There are more than 900 hate groups in the U.S. — a number that’s doubled since 1999.
Map via Southern Poverty Law Center, used with permission.
People are around the world were shocked last weekend after the events in Charlottesville, Virginia. It began on Friday night with a never-ending parade of white supremacists carrying torches and chanting hate-filled slogans. While white supremacists are often stereotyped as aggressive-looking, tattoo-covered social outcasts, this group of khaki-clad polo-shirt-wearing preppies appeared to be indistinguishable from the mainstream.
According to Pret-a-Reporter, “It was jarring to see their young faces, twisted with hate, and their outfits, more Verizon customer service agent than redneck.” On a deeper level, the image seemed to suggest “we’re everywhere.” White supremacists don’t want the public to think they’re lurking in a shady dive bar anymore; they’re saying, “We do your taxes. We bag your groceries. We’re hiding in plain sight.”
To notify the public about the hate groups in their area, the Southern Poverty Law Center created an interactive map that shows exactly where they’re located across the country. The center defines a hate organization as a group with “beliefs or practices that attack or malign an entire class of people, typically for their immutable characteristics.” Currently, according to the SPLC, there are 917 hate groups operating in the U.S.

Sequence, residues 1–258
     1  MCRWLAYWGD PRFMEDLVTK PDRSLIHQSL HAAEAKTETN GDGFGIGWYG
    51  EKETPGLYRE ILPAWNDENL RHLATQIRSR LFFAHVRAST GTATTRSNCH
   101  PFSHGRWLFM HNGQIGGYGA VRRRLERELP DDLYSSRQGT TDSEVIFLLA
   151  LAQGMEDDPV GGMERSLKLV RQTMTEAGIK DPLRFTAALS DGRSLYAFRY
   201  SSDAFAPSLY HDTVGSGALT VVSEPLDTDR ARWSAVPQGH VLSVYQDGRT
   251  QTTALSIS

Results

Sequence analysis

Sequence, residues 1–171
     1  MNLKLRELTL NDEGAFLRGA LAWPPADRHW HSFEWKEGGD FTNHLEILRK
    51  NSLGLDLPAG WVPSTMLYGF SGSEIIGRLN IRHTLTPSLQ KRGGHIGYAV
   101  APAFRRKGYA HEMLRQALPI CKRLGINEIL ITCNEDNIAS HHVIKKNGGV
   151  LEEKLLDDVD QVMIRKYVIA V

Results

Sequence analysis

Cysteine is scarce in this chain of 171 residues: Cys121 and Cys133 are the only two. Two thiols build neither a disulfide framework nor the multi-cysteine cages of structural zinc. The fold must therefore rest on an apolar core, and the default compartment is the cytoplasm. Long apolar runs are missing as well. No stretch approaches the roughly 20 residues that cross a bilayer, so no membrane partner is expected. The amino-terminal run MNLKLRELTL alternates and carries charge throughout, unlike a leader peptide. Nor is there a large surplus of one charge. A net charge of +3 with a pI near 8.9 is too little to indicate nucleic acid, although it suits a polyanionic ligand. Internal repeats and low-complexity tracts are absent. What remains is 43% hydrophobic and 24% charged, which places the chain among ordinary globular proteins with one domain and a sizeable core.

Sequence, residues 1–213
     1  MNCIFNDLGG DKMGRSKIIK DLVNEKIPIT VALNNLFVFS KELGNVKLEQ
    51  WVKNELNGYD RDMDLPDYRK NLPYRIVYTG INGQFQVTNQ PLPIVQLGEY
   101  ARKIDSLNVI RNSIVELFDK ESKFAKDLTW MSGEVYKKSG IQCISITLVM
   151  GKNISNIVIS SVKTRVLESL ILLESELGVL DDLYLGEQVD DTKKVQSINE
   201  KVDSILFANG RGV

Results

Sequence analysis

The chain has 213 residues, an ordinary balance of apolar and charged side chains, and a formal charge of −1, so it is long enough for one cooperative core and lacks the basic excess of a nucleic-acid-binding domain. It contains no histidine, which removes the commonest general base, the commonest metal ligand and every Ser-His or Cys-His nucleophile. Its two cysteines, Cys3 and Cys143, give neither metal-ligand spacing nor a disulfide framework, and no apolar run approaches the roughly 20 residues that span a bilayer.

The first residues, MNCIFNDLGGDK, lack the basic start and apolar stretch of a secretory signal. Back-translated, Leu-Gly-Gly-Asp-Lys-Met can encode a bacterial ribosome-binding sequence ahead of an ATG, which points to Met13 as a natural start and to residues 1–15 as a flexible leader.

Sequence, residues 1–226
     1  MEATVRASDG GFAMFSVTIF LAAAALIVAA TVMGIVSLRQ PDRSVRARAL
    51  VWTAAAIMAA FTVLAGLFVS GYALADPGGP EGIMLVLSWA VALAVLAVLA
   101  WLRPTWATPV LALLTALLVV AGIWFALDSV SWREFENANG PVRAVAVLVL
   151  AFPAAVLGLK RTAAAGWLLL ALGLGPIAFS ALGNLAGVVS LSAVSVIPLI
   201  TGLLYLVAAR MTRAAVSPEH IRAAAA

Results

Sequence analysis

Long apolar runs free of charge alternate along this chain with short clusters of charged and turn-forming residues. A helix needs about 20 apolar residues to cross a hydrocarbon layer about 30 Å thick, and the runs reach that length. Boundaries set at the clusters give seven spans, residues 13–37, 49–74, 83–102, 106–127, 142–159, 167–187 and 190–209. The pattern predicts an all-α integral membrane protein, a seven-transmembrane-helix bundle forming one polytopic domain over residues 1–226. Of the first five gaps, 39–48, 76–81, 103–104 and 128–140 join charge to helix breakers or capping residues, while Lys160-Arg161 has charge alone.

Chart showing the number of hate groups per year via Southern Poverty Law Center, used with permission.
The SPLC has noticed a rise in hate groups since the turn of the century. These groups have proliferated due to anger over Latino immigration, the election of Barack Obama, and Donald Trump’s political ascendance. The SPLC is currently tracking the following groups: The Ku Klux Klan, anti-Muslim organizations, general hate groups, Christian identity groups, black separatists, anti-LGBTQ groups, white nationalists, neo-Nazis, racist skinheads, and neo-Confederates.